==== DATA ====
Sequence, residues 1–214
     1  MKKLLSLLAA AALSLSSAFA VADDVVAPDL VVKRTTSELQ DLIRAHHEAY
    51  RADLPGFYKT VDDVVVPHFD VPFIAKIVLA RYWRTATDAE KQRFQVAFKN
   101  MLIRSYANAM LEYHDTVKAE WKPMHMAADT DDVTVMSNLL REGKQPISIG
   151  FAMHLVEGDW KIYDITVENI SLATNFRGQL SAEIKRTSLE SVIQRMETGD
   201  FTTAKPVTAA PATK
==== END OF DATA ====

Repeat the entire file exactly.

Sequence, residues 1–214
     1  MKKLLSLLAA AALSLSSAFA VADDVVAPDL VVKRTTSELQ DLIRAHHEAY
    51  RADLPGFYKT VDDVVVPHFD VPFIAKIVLA RYWRTATDAE KQRFQVAFKN
   101  MLIRSYANAM LEYHDTVKAE WKPMHMAADT DDVTVMSNLL REGKQPISIG
   151  FAMHLVEGDW KIYDITVENI SLATNFRGQL SAEIKRTSLE SVIQRMETGD
   201  FTTAKPVTAA PATK